In my view

Letter: Voter suppression measure threatens democracy

By Nikki Fisher

Democracy in America should be about voters picking their politicians — not politicians picking their voters. By focusing on unsubstantiated rumors of fraud, the proponents of the proposed voter suppression measure recently covered in the Dec. 5 Bulletin (“Oregon measure calls for proof of citizenship to vote”) are pushing outright lies to try to achieve their ultimate aim: making it harder for Oregonians to vote.

This ballot measure is a wolf in sheep’s clothing. These laws — and other similar voter suppression measures being pushed across the country — aren’t designed to prevent fraud. They’re designed to keep people from voting, especially young people, communities of color and the working class.

We are all at risk when our laws are used against us. And make no mistake: Voter suppression laws would affect us all. Anyone who is currently registered to vote in Oregon would need to re-register, in person, with citizenship documents in-hand.

Literally every registered Oregonian would be negatively impacted by this proposed ballot measure. It will not just make it harder for your neighbor to vote. Your right to vote will be harmed by this measure. If it passes, it will limit your access to democracy — for no good reason.

What’s also not being talked about is that these laws will have a disproportionate effect on older Oregonians. One in 5 Americans over the age of 65 doesn’t have a current government-issued photo ID, and many seniors lack reliable transportation.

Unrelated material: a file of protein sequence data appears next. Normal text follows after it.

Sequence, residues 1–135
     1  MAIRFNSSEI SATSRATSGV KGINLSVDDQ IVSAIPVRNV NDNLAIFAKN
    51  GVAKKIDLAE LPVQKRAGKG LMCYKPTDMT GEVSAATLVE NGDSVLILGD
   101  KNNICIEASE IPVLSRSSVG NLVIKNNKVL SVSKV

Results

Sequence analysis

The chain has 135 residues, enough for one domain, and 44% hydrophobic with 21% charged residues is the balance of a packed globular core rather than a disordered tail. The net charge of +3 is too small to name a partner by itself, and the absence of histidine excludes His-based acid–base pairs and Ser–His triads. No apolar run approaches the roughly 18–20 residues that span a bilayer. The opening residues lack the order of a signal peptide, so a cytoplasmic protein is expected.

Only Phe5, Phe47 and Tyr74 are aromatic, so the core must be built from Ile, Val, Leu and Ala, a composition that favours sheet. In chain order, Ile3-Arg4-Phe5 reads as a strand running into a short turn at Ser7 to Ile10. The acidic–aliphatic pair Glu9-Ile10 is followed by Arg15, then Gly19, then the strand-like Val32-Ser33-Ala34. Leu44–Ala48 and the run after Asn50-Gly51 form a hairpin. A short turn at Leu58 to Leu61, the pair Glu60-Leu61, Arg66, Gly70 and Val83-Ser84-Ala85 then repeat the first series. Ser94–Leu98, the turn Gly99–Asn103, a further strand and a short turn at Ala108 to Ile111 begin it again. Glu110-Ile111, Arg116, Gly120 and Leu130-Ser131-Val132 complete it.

If there is any doubt about what’s at risk, look no further than the story of Christine Krucki. The 90-year-old Wisconsin resident first voted in 1948 and has voted in every election since, but temporarily, at least, lost her ability to vote in 2011 when her state passed a law similar to the ballot measure proposed in Oregon.

Oregon is both the pioneer and the battleground for inclusive democracy.

We were the first state to enact vote-by-mail in 1998. And in 2015, with Gov. Kate Brown’s leadership, we were the first in the country to pass the Oregon Motor Voter law, automatically registering Oregonians to vote when they get a driver’s license, ID or permit at the DMV.

But our history of leadership has also made us a target for those who would prefer to change the rules of the game to favor some voters over others.

The Bus Project was founded on the basic principle that democracy works better when more eligible Oregonians participate. We register voters all year round, and we believe that money and power shouldn’t outweigh the voice of the people.

That’s why we will not let Oregonians be misled. Voter suppression laws, like the constitutional amendment working its way toward Oregon’s 2018 ballot, are no different than the Jim Crow poll taxes and literacy tests used a century ago to disenfranchise African-Americans.

Over the past few weeks, we have seen growing awareness that voter suppression efforts had a dramatic impact on the 2016 election. In Wisconsin, Florida and North Carolina, deliberate barriers made it harder for seniors, students, low-income people and communities of color to make their voices heard.

The stakes are high and the risks are great. Our right to vote is what defines us — as people, as a state, as a country. We urge Oregonians to look beyond the spin and to stand up for democracy. Your vote is your voice, and we are stronger when all are heard.

— Nikki Fisher lives in Portland and is executive director for The Bus Project.

15899697
This image is copyrighted.